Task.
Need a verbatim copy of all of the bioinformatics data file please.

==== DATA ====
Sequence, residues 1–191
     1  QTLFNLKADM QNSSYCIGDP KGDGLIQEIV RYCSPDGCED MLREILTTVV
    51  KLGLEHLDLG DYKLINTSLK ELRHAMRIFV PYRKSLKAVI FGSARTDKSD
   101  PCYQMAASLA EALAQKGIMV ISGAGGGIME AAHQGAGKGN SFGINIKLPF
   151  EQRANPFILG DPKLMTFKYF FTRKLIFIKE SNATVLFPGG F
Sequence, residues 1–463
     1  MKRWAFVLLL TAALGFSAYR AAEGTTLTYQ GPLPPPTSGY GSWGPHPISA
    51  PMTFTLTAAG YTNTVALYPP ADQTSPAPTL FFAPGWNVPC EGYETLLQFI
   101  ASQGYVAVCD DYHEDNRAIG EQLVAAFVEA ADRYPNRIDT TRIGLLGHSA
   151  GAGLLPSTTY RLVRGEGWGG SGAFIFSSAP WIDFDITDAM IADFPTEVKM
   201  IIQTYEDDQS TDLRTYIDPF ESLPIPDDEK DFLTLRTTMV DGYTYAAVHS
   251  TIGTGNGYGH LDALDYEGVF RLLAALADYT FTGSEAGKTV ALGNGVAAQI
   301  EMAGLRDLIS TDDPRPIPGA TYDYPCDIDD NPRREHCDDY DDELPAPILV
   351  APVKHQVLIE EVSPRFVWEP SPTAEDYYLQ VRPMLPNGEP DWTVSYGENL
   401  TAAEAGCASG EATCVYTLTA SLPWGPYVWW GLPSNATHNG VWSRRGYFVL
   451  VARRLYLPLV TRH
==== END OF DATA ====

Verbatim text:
Sequence, residues 1–191
     1  QTLFNLKADM QNSSYCIGDP KGDGLIQEIV RYCSPDGCED MLREILTTVV
    51  KLGLEHLDLG DYKLINTSLK ELRHAMRIFV PYRKSLKAVI FGSARTDKSD
   101  PCYQMAASLA EALAQKGIMV ISGAGGGIME AAHQGAGKGN SFGINIKLPF
   151  EQRANPFILG DPKLMTFKYF FTRKLIFIKE SNATVLFPGG F
Sequence, residues 1–463
     1  MKRWAFVLLL TAALGFSAYR AAEGTTLTYQ GPLPPPTSGY GSWGPHPISA
    51  PMTFTLTAAG YTNTVALYPP ADQTSPAPTL FFAPGWNVPC EGYETLLQFI
   101  ASQGYVAVCD DYHEDNRAIG EQLVAAFVEA ADRYPNRIDT TRIGLLGHSA
   151  GAGLLPSTTY RLVRGEGWGG SGAFIFSSAP WIDFDITDAM IADFPTEVKM
   201  IIQTYEDDQS TDLRTYIDPF ESLPIPDDEK DFLTLRTTMV DGYTYAAVHS
   251  TIGTGNGYGH LDALDYEGVF RLLAALADYT FTGSEAGKTV ALGNGVAAQI
   301  EMAGLRDLIS TDDPRPIPGA TYDYPCDIDD NPRREHCDDY DDELPAPILV
   351  APVKHQVLIE EVSPRFVWEP SPTAEDYYLQ VRPMLPNGEP DWTVSYGENL
   401  TAAEAGCASG EATCVYTLTA SLPWGPYVWW GLPSNATHNG VWSRRGYFVL
   451  VARRLYLPLV TRH